Celia Brodhagen: I can only agree with Mr. Schroth. There really are no two days that are the same. What I like about my work at the hotel is the so-called “wow” effect, which happens often in the service department. For instance, when you surprise guests with small, unexpected gestures. When you see them leave with a smile, knowing they are likely to return because of something you all did together, it gives you a great deal of satisfaction.

Ms. Brodhagen, what were your first impressions of the Emirates Palace? What surprised you the most?

CB: First of all the size of the hotel! When your cab stops at the entrance, you can see immediately that its dimensions differ from most other hotels, which are generally standard. I was also very impressed with the furnishings and the hospitality of the employees, I felt welcomed from the moment I arrived.

HS: It is worth mentioning that you can only see one third of the hotel when you pull up, like Celia did, at the front. The hotel complex is actually extended downwards but to get that perspective and see its true dimensions you have to go around to the other side.
The Emirates Palace is rated the most luxurious hotel worldwide.

Mr. Schroth, what distinguishes your high-end luxury?

HS: For a start we are not concentrating on a single VIP guest. It’s often the case that we have many of this type of guest staying with us. On top of the state’s official visitors, athletes and sheikhs, we also have regular guests, except in high summer, who we treat with the same special care. In the hotels where I have previously worked we had maybe one or two VIP guests per week but rarely did their stays overlap. Here we have a considerable VIP presence daily, especially at the end of November when Formula 1 takes place in Abu Dhabi.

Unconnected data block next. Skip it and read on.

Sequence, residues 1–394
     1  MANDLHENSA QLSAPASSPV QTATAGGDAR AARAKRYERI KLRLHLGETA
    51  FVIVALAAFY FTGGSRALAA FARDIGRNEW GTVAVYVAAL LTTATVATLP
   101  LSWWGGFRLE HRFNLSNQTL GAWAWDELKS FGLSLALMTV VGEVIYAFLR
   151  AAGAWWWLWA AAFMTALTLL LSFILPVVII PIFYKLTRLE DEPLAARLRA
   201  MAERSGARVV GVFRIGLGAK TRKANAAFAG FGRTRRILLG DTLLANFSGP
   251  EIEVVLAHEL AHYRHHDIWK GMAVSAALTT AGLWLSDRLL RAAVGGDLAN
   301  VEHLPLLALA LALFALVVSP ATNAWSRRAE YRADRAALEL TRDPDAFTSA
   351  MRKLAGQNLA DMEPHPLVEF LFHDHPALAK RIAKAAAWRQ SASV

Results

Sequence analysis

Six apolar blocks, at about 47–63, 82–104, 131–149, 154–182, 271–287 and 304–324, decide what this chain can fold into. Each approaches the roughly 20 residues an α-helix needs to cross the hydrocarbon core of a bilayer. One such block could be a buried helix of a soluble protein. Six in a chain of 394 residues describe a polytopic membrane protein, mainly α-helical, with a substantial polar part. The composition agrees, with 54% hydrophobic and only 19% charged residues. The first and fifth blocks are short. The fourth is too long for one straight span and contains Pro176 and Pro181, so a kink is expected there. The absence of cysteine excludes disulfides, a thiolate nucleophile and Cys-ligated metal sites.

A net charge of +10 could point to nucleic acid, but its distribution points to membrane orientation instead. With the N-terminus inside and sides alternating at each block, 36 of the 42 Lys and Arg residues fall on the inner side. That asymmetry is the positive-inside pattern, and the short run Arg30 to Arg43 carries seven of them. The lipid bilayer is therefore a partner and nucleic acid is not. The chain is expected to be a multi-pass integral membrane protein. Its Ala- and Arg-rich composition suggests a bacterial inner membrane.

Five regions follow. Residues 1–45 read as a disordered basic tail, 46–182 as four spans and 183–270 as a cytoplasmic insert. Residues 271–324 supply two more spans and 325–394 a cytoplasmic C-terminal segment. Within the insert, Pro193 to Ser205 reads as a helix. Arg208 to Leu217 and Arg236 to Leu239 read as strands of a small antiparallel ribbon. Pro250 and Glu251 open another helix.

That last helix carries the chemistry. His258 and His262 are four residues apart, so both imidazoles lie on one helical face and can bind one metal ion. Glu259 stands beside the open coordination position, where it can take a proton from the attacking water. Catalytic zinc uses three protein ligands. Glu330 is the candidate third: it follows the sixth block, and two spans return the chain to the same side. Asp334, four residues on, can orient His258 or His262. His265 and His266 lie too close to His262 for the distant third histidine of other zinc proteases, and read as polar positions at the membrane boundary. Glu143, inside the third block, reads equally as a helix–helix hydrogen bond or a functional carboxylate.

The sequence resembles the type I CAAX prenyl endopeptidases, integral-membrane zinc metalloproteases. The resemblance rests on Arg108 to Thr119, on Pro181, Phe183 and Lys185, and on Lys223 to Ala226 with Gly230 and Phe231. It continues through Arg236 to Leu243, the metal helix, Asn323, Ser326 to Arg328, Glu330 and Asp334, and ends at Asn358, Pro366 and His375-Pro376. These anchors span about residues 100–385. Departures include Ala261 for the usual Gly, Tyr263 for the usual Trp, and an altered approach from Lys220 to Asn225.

Which architectural highlights does the Emirates Palace offer?

HS: Firstly, the dimensions. It is a kilometer from one end of the hotel to the other. The beach itself is 1.3 kilometers in length. It’s the logistics though which are of particular interest to hoteliers because they are just so well thought out. State guests, for example, arrive on a different floor so they can keep themselves away from the public eye. Other guest areas in the hotel are planned in such a way that everyone can come and go as they please without compromising their privacy.


How does the Emirates Palace reflect the life of Abu Dhabi/United Arab Emirates?

HS: In 2005 the Emirates Palace was built initially for state visitors of the United Arab Emirates (UAE) government; its luxury mirrors that of the Royal Family and political leaders. However, like everywhere, luxury is part of the normal city life as a whole. In this general context, the UAE takes pride in having and operating the Emirates Palace here in Abu Dhabi.




I want to ride my bicycle...

...I want to ride it where I like (Queen)